Readers are probably aware of St. Alphonsus’ old adage (perhaps borrowed from Aquinas): “one bad book can ruin a monastery.”  In the pre-conciliar period, Church authorities were encouraging, and in some cases even demanding, religious be exposed not just to one bad book but to entire libraries full of them.  It must be said that Pius XII, who many view as the “last good Pope” (simply because he had nothing to do with the Council, I reckon), was a prime promoter of women religious’ exposure to Catholic and secular wolves.  He certainly did so with good intentions in mind, but we all know what the road to hell is paved with. Vatican II could not have happened without the steady erosion of orthodoxy (especially in academia) and increasing tolerance of abuse that occurred on his watch (in his defense, he did have a number of other pressing matters to occupy his attention, such as WWII and opposing communism, the latter of which became virtually the sole concern of the last 10 years of his papacy).  History has shown that the women’s religious education initiative was a catastrophic experience for most of the religious concerned and for the Church at large.  Good and obedient students always, these former nuns obeyed their modernist instructors and became quite willing disciples of this “synthesis of all heresies.”  It will take generations for Catholic religious life to recover.

It’s probable, however, that the general trends in society would have gradually infected some of the religious communities eventually, especially those with active apostolates, even without the forming of nuns in modernism.  But I doubt the rot would have set in so quickly and deeply in that case. Most of the women religious sent for the highest education, and thus exposure to the most revolutionary, anti-Catholic ideals, were leaders in their communities.  Obedience being what it is, they then turned entire orders over to neo-modernist paganism.

So here’s a question: was education turned into a form of idol, and the destruction of so many religious orders (and their baleful influence on so many souls) a form of punishment from God for that idolization?  What need does a contemplative nun have for a master’s or PhD, especially when virtually the entire higher education apparatus in the Western world is implacably hostile to God and any form of orthodox Christianity?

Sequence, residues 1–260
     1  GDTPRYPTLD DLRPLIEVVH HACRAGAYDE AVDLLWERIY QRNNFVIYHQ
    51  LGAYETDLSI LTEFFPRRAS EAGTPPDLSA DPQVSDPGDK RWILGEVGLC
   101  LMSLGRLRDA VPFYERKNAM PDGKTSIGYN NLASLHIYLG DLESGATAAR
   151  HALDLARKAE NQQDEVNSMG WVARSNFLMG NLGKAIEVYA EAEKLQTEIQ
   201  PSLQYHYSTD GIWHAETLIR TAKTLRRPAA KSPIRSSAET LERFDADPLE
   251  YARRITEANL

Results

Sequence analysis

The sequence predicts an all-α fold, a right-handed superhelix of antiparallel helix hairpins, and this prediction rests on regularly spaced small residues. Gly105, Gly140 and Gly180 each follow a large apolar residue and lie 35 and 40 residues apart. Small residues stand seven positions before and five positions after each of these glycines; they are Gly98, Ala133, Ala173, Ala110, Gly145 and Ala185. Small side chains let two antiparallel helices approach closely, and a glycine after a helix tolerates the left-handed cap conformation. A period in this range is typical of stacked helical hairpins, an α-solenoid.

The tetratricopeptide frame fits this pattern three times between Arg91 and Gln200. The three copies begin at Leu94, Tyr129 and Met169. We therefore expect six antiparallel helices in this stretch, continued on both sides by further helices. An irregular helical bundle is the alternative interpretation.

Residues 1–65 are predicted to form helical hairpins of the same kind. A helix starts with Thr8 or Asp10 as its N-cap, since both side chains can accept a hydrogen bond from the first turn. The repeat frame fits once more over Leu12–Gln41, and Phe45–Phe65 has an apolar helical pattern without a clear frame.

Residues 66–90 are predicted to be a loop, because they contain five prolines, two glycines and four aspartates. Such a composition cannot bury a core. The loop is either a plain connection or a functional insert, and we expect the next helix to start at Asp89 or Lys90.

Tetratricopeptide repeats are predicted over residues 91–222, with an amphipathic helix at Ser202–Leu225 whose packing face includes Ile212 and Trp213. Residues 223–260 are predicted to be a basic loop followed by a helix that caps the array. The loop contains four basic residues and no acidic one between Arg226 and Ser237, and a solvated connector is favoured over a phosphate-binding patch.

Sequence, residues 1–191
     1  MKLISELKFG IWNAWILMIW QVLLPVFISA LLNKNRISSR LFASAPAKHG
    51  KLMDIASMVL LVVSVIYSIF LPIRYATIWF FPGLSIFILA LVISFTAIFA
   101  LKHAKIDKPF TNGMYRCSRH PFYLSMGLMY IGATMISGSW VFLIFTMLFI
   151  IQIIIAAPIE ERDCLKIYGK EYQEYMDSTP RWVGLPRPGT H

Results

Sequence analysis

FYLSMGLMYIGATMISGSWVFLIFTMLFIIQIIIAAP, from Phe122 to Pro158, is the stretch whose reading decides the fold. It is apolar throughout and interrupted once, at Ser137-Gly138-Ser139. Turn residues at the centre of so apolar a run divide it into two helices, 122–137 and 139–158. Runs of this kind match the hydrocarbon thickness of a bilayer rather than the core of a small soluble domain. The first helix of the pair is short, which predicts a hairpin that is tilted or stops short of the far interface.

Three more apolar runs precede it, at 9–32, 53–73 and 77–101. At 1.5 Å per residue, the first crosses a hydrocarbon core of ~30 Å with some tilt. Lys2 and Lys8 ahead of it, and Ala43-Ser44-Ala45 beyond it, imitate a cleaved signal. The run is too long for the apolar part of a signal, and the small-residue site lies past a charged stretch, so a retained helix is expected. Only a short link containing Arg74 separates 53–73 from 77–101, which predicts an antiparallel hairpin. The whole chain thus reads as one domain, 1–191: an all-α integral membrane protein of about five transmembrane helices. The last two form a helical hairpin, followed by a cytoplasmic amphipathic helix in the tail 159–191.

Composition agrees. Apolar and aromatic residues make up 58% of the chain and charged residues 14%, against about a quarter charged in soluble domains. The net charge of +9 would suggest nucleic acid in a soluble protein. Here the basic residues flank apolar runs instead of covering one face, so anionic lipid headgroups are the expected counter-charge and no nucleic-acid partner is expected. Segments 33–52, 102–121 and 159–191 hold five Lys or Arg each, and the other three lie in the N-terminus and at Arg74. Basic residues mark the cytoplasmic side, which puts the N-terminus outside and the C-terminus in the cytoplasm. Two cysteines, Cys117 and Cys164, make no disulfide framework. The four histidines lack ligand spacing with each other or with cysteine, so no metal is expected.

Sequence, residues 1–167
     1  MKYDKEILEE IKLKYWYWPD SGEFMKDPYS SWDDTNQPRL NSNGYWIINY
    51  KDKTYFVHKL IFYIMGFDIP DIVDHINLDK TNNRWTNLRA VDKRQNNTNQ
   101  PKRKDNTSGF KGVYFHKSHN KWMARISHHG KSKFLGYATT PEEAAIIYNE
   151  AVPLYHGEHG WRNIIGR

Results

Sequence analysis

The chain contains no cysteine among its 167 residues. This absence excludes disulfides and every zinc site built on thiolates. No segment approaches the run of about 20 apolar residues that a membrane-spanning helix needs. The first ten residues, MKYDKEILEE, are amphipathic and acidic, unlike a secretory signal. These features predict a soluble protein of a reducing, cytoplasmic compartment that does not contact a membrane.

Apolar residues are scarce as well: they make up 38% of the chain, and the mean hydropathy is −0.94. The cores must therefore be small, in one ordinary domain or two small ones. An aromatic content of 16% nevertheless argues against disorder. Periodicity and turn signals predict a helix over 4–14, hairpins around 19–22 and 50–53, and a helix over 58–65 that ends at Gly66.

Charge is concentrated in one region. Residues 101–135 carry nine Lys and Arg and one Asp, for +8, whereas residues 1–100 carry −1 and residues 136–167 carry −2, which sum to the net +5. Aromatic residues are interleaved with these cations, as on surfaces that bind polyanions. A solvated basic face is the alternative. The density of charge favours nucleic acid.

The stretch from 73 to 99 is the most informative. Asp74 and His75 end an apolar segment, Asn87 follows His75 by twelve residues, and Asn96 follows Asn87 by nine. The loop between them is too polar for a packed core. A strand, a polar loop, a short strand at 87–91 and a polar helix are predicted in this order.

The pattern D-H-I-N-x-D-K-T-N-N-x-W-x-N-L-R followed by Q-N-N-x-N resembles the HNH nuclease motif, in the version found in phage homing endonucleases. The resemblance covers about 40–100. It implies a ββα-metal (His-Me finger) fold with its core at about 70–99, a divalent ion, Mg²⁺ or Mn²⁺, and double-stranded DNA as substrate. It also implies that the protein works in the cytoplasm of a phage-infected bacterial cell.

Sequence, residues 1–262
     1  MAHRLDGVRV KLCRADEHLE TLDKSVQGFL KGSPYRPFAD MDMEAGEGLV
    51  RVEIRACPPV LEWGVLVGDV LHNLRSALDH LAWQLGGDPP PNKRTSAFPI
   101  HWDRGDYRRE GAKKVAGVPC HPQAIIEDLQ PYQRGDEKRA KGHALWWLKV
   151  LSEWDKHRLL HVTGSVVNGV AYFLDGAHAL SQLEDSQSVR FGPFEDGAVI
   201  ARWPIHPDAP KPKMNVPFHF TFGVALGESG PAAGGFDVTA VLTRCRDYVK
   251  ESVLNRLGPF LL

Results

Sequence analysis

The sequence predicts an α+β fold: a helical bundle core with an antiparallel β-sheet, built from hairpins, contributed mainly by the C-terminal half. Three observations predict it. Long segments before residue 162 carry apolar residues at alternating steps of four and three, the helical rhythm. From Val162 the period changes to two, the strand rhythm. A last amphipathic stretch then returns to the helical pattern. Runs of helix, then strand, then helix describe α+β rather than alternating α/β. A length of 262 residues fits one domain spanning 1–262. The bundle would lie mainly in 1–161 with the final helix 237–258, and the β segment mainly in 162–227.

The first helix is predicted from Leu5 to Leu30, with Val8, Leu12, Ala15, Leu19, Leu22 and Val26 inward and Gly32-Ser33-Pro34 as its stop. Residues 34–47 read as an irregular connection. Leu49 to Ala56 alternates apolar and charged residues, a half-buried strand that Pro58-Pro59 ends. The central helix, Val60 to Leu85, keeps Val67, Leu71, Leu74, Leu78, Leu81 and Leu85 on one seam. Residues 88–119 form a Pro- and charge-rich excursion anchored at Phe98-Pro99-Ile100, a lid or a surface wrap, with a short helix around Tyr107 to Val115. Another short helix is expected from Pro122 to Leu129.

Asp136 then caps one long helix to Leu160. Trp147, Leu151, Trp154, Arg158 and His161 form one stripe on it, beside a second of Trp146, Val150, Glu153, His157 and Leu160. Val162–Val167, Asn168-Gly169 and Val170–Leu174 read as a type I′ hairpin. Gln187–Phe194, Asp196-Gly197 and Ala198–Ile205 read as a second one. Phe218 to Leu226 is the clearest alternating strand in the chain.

I could go full-provocative mode, and ask if women really possess the critical-thinking skills and ability to stand out from the herd to merit college education?  Why is radical feminism experiencing a huge resurgence in recent years, as young millenial women, who make up 60% of the college student body at present, are radicalized on campus in their fluffy soft majors?  I should add that I feel quite strongly that college has become not the realm of a relatively few truly bright individuals, but just one more hoop everyone is supposed to jump through. As such, it has become watered down, both in terms of the education received and the value of the degree.  I would rather see the ranks of the college educated in general shrink tremendously in size – I think we would be amazed the degree to which leftist influence in society waned if such were to occur.  I see little point in going $200k in debt for a degree in queer theory or English.

Put another way: is it possible that God really does intend primarily for women to be wives, mothers, and homemakers, and any large scale deviation from that plan will only bring pain and suffering?  In response to these last hypotheticals, I hope some ladies respond.



1. virtuouscitizenship - July 6, 2015

You have now stepped in large unsolidified cowpies with both feet – on a hot clear day. Good luck. Some communities are flourishing – but they don’t chant me-me-me-now-now-now-non-serviam; and they accept that God revealed Himself as Father and was incarnated as Son. Those saintly ones who do renounce self and renounce the world today are to be revered and prayed for. My aunt served as a vowed nun for over 60 years. Near the end of her life her order was taken over by feminuns and she told me she felt she was a prisoner in her own community; one of those communities whose nuns refused to even use the word “Lord” in the Mass. She is resting in peace. Guy McClung, San Antonio

2. Branch - July 6, 2015

One of the great mysteries to me is how the Society of Jesus has undergone such a collapse. I am not sure if Ignatius or Francis Xavier would recognize a Fr. Jim Martin or a Fr. Jorge Bergoglio if they fell over them.

3. Branch - July 6, 2015

“Put another way: is it possible that God really does intend primarily for women to be wives, mothers, and homemakers, and any large scale deviation from that plan will only bring pain and suffering?”

I think so. Personalism has a lot to do with this, too.

4. Woody - July 6, 2015

Equality seems to be the culprit.

5. Branch - July 6, 2015

Just saw this at One Peter Five: “Added to this will be the effects of secular education, which will be one reason for the death of priestly and religious vocations.” From Our Lady of Good Success


6. Magdalene - July 6, 2015

Here is another article to read: http://www.culturewars.com/CultureWars/1999/rogers.html